Preoperative Cell-Free DNA (cfDNA) in Muscle-Invasive Bladder Cancer Treatment Outcome.

Tumor heterogeneity and lack of personalized prognosis leads to bladder cancer (BlCa) patients' lifelong surveillance with invasive interventions, highlighting the need for modern minimally invasive tools for disease management. Herein, we have evaluated the clinical utility of preoperative serum cell-free DNA (cfDNA) in ameliorating patients' risk-stratification and prognosis.

cfDNA was purified from 190 preoperative BlCa patients and 26 healthy individuals' serum samples and quantified by 2 assays: an in-house quantitative real-time PCR (qPCR) assay using LEP as reference control and a direct fluorometric assay using Qubit HS dsDNA. Capillary electrophoresis was performed in 31 samples for cfDNA fragment profiling. Tumor relapse/progression and metastasis/death were used as clinical endpoints for non-muscle-invasive bladder cancer and muscle-invasive bladder cancer (MIBC), respectively.

cfDNA profiling by capillary electrophoresis highlighted that total and fragment-related cfDNA levels were significantly increased in BlCa and associated with advance disease stages. Evaluation of cfDNA levels by both Qubit/qPCR displayed highly consistent results (rs = 0.960; P < 0.001). Higher cfDNA was correlated with MIBC and stronger risk for early metastasis (Qubit:hazard ratio [HR] = 3.016, P = 0.009; qPCR:HR = 2.918, P = 0.004) and poor survival (Qubit:HR = 1.898, P = 0.042; qPCR:HR = 1.888, P = 0.026) of MIBC patients. Multivariate cfDNA-fitted models led to superior risk stratification and net benefit for MIBC prognosis compared to disease established markers.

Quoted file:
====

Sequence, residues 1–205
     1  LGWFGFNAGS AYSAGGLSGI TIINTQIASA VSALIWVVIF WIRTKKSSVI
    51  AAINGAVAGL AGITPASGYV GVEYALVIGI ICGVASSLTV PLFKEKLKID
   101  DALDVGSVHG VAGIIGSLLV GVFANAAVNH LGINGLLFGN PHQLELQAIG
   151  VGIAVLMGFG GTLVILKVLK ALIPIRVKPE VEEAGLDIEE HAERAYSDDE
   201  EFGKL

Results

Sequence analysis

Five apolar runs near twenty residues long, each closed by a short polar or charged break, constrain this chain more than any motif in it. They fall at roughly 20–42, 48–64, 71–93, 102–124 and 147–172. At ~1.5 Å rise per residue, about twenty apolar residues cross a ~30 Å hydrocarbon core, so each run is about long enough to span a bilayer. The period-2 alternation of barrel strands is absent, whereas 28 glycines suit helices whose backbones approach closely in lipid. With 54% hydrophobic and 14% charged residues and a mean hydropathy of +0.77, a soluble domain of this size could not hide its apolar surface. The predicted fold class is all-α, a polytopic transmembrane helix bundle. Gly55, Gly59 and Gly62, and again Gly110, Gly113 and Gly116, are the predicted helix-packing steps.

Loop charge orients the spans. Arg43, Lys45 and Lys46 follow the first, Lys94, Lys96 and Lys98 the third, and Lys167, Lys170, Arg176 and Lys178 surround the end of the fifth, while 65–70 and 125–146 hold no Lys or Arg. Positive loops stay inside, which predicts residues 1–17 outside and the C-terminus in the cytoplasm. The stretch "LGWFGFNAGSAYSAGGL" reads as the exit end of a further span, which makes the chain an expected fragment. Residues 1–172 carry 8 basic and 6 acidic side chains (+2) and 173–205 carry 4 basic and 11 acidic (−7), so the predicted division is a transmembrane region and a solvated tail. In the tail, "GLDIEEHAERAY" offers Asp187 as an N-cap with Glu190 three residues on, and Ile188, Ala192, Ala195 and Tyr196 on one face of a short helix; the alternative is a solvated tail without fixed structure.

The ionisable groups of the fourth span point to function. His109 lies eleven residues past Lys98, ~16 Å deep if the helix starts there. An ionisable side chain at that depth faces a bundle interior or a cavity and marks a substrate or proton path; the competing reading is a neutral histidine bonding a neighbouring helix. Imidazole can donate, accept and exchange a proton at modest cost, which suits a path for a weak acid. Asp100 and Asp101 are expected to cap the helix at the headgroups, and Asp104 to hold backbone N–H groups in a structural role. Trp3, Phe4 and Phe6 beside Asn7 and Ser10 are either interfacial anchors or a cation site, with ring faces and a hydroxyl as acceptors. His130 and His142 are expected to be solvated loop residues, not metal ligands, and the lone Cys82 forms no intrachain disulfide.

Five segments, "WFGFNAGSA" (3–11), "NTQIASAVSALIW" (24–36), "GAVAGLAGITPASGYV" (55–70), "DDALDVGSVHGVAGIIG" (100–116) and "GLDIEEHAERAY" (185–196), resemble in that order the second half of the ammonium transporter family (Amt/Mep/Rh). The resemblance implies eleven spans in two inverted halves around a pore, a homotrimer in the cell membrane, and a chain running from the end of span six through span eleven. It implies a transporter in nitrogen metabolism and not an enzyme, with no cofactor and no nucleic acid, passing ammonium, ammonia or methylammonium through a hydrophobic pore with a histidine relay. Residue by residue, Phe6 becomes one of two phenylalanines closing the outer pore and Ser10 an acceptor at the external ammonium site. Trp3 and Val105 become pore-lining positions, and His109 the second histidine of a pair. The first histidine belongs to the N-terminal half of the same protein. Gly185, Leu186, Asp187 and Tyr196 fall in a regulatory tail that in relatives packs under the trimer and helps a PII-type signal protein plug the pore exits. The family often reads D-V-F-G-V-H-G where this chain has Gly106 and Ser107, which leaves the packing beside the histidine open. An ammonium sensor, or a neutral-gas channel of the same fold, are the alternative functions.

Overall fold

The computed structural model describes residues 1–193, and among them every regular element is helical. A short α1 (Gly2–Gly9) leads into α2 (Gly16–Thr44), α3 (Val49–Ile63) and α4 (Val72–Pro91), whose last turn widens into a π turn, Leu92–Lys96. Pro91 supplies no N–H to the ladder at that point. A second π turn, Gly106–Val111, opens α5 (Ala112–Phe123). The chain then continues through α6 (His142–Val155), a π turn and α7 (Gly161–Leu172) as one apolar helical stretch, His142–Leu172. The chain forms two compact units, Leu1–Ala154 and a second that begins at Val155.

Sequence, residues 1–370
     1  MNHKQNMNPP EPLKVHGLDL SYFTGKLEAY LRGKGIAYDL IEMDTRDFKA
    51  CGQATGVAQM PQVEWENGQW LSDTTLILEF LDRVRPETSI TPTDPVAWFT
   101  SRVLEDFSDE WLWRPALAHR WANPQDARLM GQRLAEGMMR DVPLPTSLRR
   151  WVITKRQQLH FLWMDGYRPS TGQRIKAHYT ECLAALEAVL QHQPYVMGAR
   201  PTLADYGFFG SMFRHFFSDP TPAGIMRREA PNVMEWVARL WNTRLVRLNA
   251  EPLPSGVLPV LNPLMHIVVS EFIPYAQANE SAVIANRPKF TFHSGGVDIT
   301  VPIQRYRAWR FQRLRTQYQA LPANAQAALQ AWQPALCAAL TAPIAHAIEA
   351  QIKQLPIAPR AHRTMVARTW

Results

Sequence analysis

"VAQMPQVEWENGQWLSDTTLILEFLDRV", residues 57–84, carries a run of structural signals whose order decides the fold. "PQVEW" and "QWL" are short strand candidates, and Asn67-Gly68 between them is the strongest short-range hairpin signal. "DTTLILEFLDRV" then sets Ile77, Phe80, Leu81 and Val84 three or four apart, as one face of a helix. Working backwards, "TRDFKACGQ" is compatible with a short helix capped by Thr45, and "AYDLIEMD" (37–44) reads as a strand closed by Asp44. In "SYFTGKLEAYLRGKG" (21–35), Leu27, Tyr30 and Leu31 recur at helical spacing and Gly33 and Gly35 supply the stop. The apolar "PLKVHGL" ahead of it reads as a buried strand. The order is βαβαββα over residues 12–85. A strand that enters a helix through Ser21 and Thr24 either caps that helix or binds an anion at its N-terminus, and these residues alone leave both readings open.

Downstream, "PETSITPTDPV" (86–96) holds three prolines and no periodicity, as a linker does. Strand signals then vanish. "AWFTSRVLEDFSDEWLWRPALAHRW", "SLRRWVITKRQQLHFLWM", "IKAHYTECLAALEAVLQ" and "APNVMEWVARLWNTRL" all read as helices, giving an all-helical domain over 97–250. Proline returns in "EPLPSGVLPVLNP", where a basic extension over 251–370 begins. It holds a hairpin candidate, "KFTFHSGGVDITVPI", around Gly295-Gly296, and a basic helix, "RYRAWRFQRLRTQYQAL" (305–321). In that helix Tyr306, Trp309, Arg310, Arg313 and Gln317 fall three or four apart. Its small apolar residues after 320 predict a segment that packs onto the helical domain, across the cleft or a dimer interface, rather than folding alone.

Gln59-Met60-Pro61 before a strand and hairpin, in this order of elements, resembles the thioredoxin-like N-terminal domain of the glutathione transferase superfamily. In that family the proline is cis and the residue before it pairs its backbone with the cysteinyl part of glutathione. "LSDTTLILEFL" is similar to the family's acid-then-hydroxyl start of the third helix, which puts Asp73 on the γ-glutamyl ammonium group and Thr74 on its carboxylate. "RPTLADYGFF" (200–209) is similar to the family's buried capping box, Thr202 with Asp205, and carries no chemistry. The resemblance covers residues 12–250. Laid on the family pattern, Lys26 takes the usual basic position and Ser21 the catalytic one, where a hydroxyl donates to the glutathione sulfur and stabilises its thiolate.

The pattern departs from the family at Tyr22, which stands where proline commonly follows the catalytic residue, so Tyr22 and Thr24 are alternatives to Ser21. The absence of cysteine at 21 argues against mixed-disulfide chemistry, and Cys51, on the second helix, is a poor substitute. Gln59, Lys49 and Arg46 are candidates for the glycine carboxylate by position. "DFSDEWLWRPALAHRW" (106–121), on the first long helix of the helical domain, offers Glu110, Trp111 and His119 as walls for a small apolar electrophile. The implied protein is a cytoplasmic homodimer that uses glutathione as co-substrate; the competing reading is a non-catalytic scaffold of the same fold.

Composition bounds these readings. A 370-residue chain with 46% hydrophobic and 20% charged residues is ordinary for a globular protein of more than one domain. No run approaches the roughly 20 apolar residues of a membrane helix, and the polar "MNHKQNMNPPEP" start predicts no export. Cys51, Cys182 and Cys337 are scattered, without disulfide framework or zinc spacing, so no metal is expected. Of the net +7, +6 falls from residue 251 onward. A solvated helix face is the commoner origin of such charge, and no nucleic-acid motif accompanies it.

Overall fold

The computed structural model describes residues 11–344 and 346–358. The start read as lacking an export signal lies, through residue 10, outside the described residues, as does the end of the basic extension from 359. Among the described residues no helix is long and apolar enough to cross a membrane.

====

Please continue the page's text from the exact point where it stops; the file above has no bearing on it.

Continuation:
Elevated preoperative cfDNA levels are strongly associated with higher risk for short-term metastasis and poor outcome of MIBC, supporting modern noninvasive disease prognosis and management.

Clinical chemistry. 2023 Feb 04 [Epub ahead of print]

Maria-Alexandra Papadimitriou, Panagiotis Levis, Georgios Kotronopoulos, Konstantinos Stravodimos, Margaritis Avgeris, Andreas Scorilas

Department of Biochemistry and Molecular Biology, Faculty of Biology, National and Kapodistrian University of Athens, Athens, Greece., First Department of Urology, "Laiko" General Hospital, School of Medicine, National and Kapodistrian University of Athens, Athens, Greece.